Brazil’s president, Dilma Rousseff, is facing her first political crisis since taking office at the start of the year – and her critics believe it has not only highlighted Rousseff’s own weaknesses but also the continuing influence of her popular predecessor, Luiz Inacio Lula da Silva.
Rousseff’s chief of staff, Antonio Palocci, was this week forced to resign after growing allegations of improper enrichment. A doctor by trade, Palocci was no stranger to controversy. He served as finance minister under Lula but was toppled by a corruption and sex scandal five years ago. When Rousseff swept to power last year Palocci returned to the pinnacle of Brazilian politics. A powerful political enforcer and Wall Street favourite, he was seen as key to the success of Brazil’s first female president. He was pictured sitting next to her as she drove to a political rally celebrating the victory and was quickly installed as Rousseff’s unofficial prime minister.
Recent weeks, however, saw Palocci become a liability. In mid-May a leading São Paulo newspaper claimed that Palocci’s personal fortune had multiplied 20-fold over four years and that his consultancy firm had earned some $12.7m in 2010 alone. The suggestion was that Palocci had used his political influence to swing deals for clients. Last weekend more allegations appeared in a leading news magazine, suggesting that Palocci’s luxury home in São Paulo was falsely registered in the name of an impoverished 17-year-old whose mobile phone was recently disconnected after the bills went unpaid.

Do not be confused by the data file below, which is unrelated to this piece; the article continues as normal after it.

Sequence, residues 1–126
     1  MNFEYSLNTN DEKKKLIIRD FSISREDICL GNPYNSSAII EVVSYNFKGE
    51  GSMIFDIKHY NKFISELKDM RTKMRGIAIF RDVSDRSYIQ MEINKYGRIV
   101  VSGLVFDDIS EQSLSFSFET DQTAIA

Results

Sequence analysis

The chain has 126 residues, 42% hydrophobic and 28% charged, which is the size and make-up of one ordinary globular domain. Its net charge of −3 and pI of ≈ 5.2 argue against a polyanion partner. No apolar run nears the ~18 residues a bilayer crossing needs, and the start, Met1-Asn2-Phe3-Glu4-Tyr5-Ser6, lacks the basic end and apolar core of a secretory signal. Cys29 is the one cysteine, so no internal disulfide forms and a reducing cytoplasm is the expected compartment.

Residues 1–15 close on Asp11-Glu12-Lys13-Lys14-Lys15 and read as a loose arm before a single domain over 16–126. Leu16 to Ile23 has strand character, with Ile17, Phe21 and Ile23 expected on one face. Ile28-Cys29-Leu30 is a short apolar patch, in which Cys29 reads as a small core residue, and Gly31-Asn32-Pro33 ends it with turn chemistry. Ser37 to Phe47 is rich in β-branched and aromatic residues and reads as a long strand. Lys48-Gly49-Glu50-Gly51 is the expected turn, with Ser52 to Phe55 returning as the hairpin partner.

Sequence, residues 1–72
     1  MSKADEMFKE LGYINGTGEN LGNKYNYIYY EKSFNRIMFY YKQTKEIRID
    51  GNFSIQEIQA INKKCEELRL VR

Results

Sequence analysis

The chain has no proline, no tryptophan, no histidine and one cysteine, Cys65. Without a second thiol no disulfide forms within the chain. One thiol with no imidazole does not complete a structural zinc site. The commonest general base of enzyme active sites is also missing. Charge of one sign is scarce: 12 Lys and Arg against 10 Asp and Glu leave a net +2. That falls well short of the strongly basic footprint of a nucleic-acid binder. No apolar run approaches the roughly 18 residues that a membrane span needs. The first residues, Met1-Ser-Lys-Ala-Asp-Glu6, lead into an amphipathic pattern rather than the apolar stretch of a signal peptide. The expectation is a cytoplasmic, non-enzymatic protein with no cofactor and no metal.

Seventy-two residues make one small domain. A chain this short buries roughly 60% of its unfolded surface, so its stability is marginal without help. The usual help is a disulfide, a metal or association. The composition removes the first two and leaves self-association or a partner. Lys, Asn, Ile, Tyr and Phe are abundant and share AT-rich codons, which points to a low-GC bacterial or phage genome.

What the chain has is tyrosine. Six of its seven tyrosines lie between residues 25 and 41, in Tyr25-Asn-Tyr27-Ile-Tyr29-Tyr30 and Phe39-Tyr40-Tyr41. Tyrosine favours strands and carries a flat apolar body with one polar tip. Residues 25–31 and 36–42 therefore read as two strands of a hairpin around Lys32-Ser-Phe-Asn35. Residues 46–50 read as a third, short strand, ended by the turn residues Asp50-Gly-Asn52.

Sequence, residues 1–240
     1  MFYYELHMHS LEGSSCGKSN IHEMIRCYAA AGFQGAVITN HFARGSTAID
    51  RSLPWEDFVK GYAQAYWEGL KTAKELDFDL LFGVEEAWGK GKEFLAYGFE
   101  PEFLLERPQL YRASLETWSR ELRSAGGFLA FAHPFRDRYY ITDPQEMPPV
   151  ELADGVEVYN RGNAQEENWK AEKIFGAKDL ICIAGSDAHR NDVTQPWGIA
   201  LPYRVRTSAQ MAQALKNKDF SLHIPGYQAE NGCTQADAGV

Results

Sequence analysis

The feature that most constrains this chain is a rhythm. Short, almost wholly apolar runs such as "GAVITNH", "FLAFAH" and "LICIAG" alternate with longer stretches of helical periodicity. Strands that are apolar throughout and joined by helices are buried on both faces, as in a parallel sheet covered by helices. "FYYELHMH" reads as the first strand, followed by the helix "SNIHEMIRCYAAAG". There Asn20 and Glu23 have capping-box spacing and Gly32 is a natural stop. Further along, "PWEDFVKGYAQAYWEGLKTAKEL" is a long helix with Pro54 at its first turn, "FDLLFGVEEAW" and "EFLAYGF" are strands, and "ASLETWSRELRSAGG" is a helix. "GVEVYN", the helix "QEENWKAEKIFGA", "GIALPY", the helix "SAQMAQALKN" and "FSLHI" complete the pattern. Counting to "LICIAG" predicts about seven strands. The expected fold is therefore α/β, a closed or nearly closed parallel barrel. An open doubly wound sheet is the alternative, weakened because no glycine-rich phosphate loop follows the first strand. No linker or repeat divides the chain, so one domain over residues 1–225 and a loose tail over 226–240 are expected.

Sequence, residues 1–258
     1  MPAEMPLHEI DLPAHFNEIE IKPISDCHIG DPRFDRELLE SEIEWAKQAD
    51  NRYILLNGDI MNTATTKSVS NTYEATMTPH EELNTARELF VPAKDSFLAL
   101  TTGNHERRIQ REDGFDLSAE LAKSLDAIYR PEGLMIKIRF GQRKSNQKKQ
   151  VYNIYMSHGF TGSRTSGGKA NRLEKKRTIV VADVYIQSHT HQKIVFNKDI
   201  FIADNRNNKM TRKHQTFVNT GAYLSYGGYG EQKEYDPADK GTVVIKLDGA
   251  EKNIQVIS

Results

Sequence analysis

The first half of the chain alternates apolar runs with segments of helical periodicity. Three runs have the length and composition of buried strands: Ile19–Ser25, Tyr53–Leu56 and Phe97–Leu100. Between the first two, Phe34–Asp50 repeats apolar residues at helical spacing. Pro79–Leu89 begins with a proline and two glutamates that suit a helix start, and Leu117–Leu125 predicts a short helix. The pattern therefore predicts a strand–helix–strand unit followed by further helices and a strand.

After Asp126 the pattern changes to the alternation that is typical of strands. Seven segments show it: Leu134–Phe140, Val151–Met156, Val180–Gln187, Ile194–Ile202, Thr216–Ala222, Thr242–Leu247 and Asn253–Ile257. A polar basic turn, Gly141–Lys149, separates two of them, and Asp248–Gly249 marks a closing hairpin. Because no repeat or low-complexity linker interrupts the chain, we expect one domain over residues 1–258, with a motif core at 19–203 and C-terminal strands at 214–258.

Brazil’s dethroned chief of staff had denied accusations of influence peddling, appearing on national TV to defend himself. But few were convinced, even within the coalition government. “The president knows what must be done,” Brazil’s vice-president Michel Temer said ominously last week, when asked if Palocci should keep his job.
The Palocci scandal has left opposition politicians rubbing their hands. Many claim his departure underlined Rousseff’s great weakness as a president – her lack of political experience with which to navigate such crises. Former president Lula repeatedly waded into the battle to defend Palocci – a sign for many that the ex-president still pulls the strings in Brasilia.
José Serra, a leading opposition figure and former presidential candidate, was particularly blunt. With Palocci’s exit Brazil had lost “the strong man of a weak government”.
“Fernando Henrique and Lula didn’t need a prime-minister,” he went on, referring to Brazil’s last two presidents. “Dilma does.”
On Tuesday Palocci was immediately replaced by Gleisi Hoffmann, a Workers’ Party senator, with a reputation as a political “pit-bull” and an Iron Lady of Brazil’s Upper House. With Rousseff’s most powerful wingman gone, she will need to live up to both nicknames.